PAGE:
Jan Fink

Goodreads Author


Born
in Tuscaloosa, The United States
December 05, 1949

Website

Genre

Member Since
November 2014

URL


Jan Fink is a Southern Gothic writer who has worked as a reporter, columnist, and feature writer. She writes about the South she loves, its people, and both the light and the dark sides of Southern life.


Average rating: 4.47 · 15 ratings · 9 reviews · 2 distinct worksSimilar authors
Tales from a Strange Southe...

4.43 avg rating — 14 ratings — published 2014 — 2 editions
Rate this book
Clear rating
Licking The Salt Block

it was amazing 5.00 avg rating — 1 rating
Rate this book
Clear rating

* Note: these are all the books on Goodreads for this author. To add more, click here.

Upcoming Events

No scheduled events. Add an event.

Jan’s Recent Updates

Jan Fink is now friends with Espen
9247815
Jan Fink wants to read
Licking The Salt Block by Jan Fink
Licking The Salt Block
by Jan Fink (Goodreads Author)
Rate this book
Clear rating
Jan Fink shared a quote
Licking The Salt Block by Jan Fink
“With spring came heavy rain. It was in the muck and mud of six days of downpour while milking Li’l Belle that I heard him approach. I waited and listened to the rain hitting the tin roof of the lean-to and the sound of his boots. With each step his boots made an air-sucking sound as he pulled them free of the mud. I counted the sound of his footsteps one by one ’til I knew he was a few yards away. Only then did I rise from the milking stool and turn to him. He stood there outside smiling and pulled one boot free of the mud, his arms outstretched, balancing himself like a tightrope walker.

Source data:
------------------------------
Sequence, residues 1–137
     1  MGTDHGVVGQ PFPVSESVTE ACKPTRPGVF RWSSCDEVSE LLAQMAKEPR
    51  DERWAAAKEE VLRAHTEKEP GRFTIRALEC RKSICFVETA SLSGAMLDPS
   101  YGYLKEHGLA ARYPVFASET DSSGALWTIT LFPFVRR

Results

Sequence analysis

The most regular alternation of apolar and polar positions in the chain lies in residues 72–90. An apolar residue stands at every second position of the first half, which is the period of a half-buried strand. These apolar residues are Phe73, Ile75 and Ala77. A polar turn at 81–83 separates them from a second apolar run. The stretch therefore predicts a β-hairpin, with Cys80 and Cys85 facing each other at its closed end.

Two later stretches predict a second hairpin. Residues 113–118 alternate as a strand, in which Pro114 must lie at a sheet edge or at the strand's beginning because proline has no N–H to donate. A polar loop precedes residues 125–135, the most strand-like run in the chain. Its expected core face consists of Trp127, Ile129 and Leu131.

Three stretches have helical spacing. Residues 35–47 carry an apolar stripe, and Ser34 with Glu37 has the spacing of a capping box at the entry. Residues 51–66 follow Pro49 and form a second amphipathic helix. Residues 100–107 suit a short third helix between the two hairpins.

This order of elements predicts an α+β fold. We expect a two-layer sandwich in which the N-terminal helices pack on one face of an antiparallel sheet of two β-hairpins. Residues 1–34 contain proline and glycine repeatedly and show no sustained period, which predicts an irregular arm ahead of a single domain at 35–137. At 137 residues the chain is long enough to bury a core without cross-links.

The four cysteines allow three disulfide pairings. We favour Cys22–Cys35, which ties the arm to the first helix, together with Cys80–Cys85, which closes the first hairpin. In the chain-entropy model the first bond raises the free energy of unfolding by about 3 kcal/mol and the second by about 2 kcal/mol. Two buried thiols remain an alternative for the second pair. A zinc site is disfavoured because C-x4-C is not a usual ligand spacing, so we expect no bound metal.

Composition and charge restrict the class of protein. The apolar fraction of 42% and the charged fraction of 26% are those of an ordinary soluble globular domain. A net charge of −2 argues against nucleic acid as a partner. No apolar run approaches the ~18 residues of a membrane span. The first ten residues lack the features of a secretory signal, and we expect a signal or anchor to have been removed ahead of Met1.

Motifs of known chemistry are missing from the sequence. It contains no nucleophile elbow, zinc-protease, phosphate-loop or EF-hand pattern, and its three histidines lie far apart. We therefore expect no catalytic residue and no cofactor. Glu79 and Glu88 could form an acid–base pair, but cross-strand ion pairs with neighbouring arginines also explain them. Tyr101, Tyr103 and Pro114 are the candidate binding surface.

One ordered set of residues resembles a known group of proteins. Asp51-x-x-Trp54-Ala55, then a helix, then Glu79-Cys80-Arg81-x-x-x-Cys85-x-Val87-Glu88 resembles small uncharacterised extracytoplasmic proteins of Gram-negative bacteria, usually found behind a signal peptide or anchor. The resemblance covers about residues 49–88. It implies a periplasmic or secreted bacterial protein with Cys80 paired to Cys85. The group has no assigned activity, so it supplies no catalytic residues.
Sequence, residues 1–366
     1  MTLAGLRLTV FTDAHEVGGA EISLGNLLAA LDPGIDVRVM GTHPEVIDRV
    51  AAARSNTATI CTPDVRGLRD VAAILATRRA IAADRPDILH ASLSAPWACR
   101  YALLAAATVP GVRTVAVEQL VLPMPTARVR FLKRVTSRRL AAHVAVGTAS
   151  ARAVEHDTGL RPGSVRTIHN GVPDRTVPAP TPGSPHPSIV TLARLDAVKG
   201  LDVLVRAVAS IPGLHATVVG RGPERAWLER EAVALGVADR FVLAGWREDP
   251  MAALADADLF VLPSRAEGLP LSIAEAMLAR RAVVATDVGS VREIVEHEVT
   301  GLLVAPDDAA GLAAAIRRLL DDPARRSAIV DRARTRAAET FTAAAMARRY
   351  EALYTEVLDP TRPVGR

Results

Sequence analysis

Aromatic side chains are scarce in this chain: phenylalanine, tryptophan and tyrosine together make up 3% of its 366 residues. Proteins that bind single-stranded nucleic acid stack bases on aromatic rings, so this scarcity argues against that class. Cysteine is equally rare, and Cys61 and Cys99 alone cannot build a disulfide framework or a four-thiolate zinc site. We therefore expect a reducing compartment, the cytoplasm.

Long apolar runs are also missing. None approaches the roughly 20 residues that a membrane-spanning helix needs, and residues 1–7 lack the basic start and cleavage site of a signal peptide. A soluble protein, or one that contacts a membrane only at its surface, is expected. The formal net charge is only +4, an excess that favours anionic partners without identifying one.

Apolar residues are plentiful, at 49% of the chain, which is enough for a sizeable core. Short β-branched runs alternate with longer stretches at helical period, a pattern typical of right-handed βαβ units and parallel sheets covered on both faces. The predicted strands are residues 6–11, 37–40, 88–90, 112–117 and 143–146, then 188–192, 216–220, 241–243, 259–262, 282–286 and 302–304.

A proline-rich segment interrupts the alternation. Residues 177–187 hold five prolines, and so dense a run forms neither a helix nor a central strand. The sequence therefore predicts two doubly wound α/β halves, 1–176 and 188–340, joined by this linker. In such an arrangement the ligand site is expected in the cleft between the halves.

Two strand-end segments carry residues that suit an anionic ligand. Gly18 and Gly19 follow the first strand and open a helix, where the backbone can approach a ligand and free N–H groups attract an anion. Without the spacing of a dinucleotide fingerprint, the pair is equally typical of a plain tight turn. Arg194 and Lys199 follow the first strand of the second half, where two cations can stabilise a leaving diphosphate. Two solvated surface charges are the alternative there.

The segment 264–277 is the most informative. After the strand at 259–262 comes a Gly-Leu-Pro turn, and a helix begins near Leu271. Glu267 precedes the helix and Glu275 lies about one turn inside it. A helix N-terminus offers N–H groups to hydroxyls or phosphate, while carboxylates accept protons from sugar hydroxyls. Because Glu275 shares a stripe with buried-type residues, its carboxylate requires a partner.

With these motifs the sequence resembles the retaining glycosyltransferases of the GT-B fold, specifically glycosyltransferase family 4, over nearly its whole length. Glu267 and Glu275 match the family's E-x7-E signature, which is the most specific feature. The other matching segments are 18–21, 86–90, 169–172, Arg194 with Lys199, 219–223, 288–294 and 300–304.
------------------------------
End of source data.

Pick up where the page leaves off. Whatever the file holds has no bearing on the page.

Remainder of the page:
“Hey, Larraine. Look what you made me do. Made me ruin my best shirt and good pair of boots trying to sneak up on you. I just want to ask you some questions. You know what I’m talking about, girl? That little queer, Johnny Redboots?”
He took off his shirt, held it up, attempted to wring the rainwater from it then laughed and threw it in the mud near the lean-to. I stood quiet with one hand on the rop
...more
Jan Fink
Jan Fink shared a quote
Tales from a Strange Southern Lady by Jan Fink
“I can’t tell you what I look like. I look in the mirror and see
nothing but space. Space reflecting space, that’s what the
mirror shows. It figures because Grandmamma said I was
nothing but dirt. Dirt under her feet she’d say. Dirt she needed
to keep kicking out of the way. Grandmamma said I wasn’t
sweeping-up kind of dirt; I was the kind of dirt you needed to
kick and scrape off the bottom of your shoes.”
Jan Fink
More of Jan's books…
“I can’t tell you what I look like. I look in the mirror and see
nothing but space. Space reflecting space, that’s what the
mirror shows. It figures because Grandmamma said I was
nothing but dirt. Dirt under her feet she’d say. Dirt she needed
to keep kicking out of the way. Grandmamma said I wasn’t
sweeping-up kind of dirt; I was the kind of dirt you needed to
kick and scrape off the bottom of your shoes.”
Jan Fink, Tales from a Strange Southern Lady

“With spring came heavy rain. It was in the muck and mud of six days of downpour while milking Li’l Belle that I heard him approach. I waited and listened to the rain hitting the tin roof of the lean-to and the sound of his boots. With each step his boots made an air-sucking sound as he pulled them free of the mud. I counted the sound of his footsteps one by one ’til I knew he was a few yards away. Only then did I rise from the milking stool and turn to him. He stood there outside smiling and pulled one boot free of the mud, his arms outstretched, balancing himself like a tightrope walker.